The first approach is similar to the origins of homeschooling where parents take on the full-time role as teacher and purchase curriculum on their own from publishers. They develop a lesson plan for each student and conduct classes to teach the material and then test on it to show the student has become proficient in the course of study. The benefit is that parents can customize the education to each child and have full control of the learning process. Downside is the reporting and documentation area which is required and becomes the parent’s total responsibility should the state or applicable agencies have relevant questions. Some parents choose to work with online programs that are not connected to a formal school which can be a valuable resource in helping students learn their subjects and offer a broad range of elective subjects beyond they standard courses that might be taught by the home parent.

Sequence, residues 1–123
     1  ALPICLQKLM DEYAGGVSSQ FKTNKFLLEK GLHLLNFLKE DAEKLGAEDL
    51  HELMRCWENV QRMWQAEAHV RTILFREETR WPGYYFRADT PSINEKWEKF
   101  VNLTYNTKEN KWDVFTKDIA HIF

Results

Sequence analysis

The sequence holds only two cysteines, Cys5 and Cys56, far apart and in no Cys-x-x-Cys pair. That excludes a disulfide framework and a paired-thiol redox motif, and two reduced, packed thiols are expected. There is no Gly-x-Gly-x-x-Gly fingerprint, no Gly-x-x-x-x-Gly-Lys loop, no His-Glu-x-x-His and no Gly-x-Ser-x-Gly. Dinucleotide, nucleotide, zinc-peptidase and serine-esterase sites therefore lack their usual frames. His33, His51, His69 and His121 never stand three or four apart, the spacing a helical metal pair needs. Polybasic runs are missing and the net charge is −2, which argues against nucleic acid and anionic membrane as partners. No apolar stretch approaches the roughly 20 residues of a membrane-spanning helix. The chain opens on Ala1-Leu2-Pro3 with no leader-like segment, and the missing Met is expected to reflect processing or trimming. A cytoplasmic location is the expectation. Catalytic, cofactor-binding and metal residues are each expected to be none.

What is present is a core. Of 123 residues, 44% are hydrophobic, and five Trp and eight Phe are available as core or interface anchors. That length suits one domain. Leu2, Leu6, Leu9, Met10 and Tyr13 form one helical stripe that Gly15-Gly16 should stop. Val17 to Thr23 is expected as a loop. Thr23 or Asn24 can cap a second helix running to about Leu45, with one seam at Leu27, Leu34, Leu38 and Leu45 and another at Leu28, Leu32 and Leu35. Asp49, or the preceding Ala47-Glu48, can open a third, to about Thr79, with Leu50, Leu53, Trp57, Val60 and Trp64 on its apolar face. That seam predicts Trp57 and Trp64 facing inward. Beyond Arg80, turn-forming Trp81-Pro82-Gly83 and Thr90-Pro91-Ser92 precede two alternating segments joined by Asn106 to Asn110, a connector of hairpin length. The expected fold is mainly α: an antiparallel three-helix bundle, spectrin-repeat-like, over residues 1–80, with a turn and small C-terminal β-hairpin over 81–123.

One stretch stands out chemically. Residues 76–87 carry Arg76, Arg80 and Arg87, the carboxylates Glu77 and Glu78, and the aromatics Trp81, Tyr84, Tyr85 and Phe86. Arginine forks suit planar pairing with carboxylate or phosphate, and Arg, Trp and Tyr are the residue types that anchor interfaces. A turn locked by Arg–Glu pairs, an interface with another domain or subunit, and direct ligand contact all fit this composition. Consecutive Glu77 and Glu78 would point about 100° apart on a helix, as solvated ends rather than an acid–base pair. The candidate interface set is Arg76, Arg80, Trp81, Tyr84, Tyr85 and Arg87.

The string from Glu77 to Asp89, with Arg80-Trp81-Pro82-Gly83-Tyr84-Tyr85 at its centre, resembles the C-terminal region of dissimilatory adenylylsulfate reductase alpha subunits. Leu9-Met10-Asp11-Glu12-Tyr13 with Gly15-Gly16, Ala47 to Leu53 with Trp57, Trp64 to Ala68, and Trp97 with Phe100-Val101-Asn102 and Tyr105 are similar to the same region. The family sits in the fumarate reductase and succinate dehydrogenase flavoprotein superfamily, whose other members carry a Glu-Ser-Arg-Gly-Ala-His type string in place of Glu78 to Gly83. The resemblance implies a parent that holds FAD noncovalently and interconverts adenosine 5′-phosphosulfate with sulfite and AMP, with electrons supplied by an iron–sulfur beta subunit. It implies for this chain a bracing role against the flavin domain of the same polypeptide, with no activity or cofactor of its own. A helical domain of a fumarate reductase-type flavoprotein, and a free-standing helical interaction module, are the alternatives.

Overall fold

Kids are some of the most direct individuals you will ever meet so the initial way to know your child wants to be taught at home is when they ask you point blank to homeschool them. While the initial reaction may be to laugh it off, take a minute to determine if they are serious or just kidding around. There may be issues at school motivating the question that needs to be looked a little closer. This is especially true if they are asking the question on a consistent basis and giving your several reasons why they should be taught at home.